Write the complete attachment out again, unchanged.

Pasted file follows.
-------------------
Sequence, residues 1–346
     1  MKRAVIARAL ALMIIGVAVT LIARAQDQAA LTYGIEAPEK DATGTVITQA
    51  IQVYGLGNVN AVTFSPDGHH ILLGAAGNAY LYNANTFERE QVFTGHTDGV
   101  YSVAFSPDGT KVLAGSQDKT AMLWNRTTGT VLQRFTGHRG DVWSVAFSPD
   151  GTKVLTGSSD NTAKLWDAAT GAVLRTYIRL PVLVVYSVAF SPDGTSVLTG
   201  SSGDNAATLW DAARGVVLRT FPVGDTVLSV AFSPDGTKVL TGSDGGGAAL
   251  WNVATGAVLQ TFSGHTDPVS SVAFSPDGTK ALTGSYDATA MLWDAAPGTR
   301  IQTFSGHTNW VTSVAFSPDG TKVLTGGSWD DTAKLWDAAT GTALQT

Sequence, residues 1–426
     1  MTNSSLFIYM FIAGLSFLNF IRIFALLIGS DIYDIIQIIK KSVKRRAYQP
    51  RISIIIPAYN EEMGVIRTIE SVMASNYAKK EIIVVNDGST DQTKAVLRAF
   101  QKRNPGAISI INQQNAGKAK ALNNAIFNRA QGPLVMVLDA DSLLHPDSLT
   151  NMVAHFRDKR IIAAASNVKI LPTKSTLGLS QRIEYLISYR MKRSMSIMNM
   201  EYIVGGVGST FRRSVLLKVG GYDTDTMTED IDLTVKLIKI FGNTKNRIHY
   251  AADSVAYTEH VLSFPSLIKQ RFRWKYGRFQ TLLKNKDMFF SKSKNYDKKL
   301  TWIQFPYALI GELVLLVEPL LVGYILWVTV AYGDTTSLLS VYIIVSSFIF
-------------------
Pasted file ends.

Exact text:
Sequence, residues 1–346
     1  MKRAVIARAL ALMIIGVAVT LIARAQDQAA LTYGIEAPEK DATGTVITQA
    51  IQVYGLGNVN AVTFSPDGHH ILLGAAGNAY LYNANTFERE QVFTGHTDGV
   101  YSVAFSPDGT KVLAGSQDKT AMLWNRTTGT VLQRFTGHRG DVWSVAFSPD
   151  GTKVLTGSSD NTAKLWDAAT GAVLRTYIRL PVLVVYSVAF SPDGTSVLTG
   201  SSGDNAATLW DAARGVVLRT FPVGDTVLSV AFSPDGTKVL TGSDGGGAAL
   251  WNVATGAVLQ TFSGHTDPVS SVAFSPDGTK ALTGSYDATA MLWDAAPGTR
   301  IQTFSGHTNW VTSVAFSPDG TKVLTGGSWD DTAKLWDAAT GTALQT

Sequence, residues 1–426
     1  MTNSSLFIYM FIAGLSFLNF IRIFALLIGS DIYDIIQIIK KSVKRRAYQP
    51  RISIIIPAYN EEMGVIRTIE SVMASNYAKK EIIVVNDGST DQTKAVLRAF
   101  QKRNPGAISI INQQNAGKAK ALNNAIFNRA QGPLVMVLDA DSLLHPDSLT
   151  NMVAHFRDKR IIAAASNVKI LPTKSTLGLS QRIEYLISYR MKRSMSIMNM
   201  EYIVGGVGST FRRSVLLKVG GYDTDTMTED IDLTVKLIKI FGNTKNRIHY
   251  AADSVAYTEH VLSFPSLIKQ RFRWKYGRFQ TLLKNKDMFF SKSKNYDKKL
   301  TWIQFPYALI GELVLLVEPL LVGYILWVTV AYGDTTSLLS VYIIVSSFIF